Two Republican politicians have claimed that the deal recently struck between leading world powers and Iran contains two secret side deals not presented to the US congress.
Sen. Tom Cotton of Arkansas and Rep. Mike Pompeo of Kansas made the allegations in a statement, which said the two deals were between Iran and the International Atomic Energy Agency (IAEA).
One reportedly concerns the inspection of the country’s Parchin military complex, while the other details how the IAEA and Iran would resolve outstanding issues, the Blaze reported.
“In failing to secure the disclosure of these secret side deals, the Obama administration is asking Congress and the American people to trust, but not verify. What we cannot do is trust the terror-sponsoring, anti-American, outlaw regime that governs Iran and that has been deceiving the world on its nuclear weapons work for years,” Cotton claimed in a statement. “Congress’s evaluation of this deal must be based on hard facts and full information. That we are only now discovering that parts of this dangerous agreement are being kept secret begs the question of what other elements may also be secret and entirely free from public scrutiny.”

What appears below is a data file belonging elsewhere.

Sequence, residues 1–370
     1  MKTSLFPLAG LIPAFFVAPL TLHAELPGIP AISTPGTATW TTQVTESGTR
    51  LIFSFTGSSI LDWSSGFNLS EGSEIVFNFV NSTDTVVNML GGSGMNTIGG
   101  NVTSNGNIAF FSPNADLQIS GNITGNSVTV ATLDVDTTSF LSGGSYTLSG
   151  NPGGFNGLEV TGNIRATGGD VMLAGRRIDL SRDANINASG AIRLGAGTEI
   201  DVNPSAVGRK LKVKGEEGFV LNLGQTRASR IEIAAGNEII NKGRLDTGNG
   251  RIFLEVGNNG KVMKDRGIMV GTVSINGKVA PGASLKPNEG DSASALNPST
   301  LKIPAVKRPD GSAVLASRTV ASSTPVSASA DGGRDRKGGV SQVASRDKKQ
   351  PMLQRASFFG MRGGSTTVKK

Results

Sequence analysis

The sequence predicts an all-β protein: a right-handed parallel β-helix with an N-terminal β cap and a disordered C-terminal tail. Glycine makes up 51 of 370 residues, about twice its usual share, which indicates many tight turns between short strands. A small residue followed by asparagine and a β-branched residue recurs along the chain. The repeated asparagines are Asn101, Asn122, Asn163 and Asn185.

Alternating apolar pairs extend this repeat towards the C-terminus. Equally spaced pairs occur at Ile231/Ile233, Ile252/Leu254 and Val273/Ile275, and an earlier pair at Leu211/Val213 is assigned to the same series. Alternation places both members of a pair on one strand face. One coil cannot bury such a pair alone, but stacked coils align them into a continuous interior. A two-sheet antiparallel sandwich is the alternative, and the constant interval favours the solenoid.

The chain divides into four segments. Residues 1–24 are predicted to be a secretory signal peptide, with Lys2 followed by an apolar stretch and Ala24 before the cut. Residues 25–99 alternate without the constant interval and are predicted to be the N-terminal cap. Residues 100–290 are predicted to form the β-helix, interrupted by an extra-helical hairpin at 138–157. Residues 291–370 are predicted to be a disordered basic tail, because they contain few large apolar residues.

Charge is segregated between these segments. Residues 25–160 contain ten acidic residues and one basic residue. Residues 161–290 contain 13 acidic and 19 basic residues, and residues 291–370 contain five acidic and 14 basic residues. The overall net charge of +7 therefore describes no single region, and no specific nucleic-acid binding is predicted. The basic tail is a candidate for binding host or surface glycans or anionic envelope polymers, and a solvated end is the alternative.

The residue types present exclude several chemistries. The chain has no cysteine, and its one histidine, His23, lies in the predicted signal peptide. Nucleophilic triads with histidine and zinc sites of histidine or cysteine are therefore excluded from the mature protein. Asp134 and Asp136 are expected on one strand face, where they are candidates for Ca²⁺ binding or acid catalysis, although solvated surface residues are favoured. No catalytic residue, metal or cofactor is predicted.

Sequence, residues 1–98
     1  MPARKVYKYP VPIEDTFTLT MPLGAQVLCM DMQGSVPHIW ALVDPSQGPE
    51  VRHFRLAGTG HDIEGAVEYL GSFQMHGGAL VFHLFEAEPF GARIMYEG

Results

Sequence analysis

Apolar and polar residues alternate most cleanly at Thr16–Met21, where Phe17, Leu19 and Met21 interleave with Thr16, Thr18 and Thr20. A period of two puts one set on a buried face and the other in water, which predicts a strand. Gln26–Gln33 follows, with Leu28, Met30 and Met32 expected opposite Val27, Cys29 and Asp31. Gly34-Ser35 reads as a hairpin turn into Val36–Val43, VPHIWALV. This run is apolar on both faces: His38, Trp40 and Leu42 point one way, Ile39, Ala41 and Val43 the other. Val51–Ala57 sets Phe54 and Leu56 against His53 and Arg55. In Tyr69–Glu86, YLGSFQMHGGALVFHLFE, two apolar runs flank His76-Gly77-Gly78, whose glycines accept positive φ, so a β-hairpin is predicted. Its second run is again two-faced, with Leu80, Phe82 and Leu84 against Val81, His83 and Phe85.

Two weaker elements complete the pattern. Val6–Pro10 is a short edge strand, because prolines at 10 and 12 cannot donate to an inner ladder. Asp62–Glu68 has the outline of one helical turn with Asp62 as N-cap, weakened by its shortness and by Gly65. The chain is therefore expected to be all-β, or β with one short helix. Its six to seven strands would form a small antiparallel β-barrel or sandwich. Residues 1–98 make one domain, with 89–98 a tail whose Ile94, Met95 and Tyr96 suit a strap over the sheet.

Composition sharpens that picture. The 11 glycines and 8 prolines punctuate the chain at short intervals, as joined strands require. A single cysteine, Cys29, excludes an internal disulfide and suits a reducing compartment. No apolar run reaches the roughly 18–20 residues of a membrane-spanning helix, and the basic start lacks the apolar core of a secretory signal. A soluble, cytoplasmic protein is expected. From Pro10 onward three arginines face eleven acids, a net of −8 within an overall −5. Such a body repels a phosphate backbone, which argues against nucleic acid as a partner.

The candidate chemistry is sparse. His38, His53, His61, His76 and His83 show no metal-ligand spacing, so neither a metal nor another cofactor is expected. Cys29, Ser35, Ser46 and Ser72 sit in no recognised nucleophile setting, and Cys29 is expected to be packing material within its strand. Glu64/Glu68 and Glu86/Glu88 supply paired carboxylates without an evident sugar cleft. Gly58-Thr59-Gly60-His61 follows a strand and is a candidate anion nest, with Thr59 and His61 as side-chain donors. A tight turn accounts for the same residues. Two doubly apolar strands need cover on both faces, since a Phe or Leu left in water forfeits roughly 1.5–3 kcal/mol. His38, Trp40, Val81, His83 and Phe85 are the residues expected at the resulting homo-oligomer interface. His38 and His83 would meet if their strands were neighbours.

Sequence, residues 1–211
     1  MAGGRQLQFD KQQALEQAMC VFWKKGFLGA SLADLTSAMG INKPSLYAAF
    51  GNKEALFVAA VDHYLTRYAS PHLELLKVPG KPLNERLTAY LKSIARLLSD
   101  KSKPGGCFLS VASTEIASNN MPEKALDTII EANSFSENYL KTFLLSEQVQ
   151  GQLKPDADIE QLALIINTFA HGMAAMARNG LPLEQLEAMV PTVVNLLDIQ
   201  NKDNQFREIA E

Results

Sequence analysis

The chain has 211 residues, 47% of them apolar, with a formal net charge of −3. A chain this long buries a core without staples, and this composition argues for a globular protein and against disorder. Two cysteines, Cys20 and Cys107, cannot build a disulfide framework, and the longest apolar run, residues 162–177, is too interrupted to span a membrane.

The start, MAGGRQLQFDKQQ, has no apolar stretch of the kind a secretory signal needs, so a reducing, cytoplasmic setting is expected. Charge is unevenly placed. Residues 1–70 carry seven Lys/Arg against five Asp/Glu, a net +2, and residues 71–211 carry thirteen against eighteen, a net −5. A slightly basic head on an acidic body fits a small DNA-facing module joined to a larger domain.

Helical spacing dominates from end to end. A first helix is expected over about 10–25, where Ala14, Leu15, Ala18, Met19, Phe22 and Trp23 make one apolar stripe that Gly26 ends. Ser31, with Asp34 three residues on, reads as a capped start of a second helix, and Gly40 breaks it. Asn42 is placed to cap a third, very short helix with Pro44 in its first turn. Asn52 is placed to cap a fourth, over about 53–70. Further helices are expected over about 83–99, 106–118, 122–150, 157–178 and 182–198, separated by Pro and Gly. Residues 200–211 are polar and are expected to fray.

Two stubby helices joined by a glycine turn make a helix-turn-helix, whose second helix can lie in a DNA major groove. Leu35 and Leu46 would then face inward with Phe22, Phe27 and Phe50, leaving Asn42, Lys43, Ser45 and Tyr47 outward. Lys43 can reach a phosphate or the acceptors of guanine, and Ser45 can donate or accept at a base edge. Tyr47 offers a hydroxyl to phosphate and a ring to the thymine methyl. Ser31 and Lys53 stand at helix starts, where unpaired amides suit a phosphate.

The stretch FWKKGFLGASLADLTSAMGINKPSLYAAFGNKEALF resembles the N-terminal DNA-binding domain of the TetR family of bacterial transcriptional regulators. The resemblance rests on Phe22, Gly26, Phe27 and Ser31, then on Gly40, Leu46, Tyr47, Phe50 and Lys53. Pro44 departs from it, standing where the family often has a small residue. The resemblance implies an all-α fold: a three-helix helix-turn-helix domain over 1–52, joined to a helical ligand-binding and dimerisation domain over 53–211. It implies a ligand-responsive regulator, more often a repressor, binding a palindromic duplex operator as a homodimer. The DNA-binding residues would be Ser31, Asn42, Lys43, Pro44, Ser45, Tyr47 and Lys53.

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“The failure to disclose the content of these side agreements begs the question, ‘What is the Obama administration hiding?’ Even members of Congress who are sympathetic to this deal cannot and must not accept a deal we aren’t even aware of. I urge my colleagues on both sides of the aisle to stand up and demand to see the complete deal,” added Pompeo.
The Republicans are hostile to the current agreement and are threatening to block its implementation by passing a law barring Obama from easing sanctions on Iran, according to the Associated Press.
“No serious person truly believes" that the United States faces a choice between implementing the agreement and going to war with Iran, Republican Senate Majority Leader Mitch McConnell said.
President Obama has declared he would veto any legislation passed by Republicans. The Republicans would therefore require the support of two thirds of representatives in both houses in order to prevent the deal from coming in to force.